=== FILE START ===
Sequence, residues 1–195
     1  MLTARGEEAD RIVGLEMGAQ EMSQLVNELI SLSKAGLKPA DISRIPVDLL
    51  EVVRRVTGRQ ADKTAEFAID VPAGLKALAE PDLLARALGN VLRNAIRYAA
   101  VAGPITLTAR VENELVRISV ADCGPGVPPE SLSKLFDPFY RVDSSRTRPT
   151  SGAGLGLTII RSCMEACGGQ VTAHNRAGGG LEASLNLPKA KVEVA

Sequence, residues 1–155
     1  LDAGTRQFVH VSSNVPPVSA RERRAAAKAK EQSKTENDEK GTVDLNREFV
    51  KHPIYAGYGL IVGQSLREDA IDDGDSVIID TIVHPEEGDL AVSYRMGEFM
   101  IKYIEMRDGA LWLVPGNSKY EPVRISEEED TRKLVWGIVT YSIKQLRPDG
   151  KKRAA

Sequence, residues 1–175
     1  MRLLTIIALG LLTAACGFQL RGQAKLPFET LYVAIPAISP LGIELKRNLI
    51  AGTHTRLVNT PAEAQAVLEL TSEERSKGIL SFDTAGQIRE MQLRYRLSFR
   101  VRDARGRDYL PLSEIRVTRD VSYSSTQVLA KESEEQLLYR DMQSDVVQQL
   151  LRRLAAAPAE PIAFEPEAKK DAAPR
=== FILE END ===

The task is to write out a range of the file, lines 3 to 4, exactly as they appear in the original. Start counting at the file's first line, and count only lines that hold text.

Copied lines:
    51  EVVRRVTGRQ ADKTAEFAID VPAGLKALAE PDLLARALGN VLRNAIRYAA
   101  VAGPITLTAR VENELVRISV ADCGPGVPPE SLSKLFDPFY RVDSSRTRPT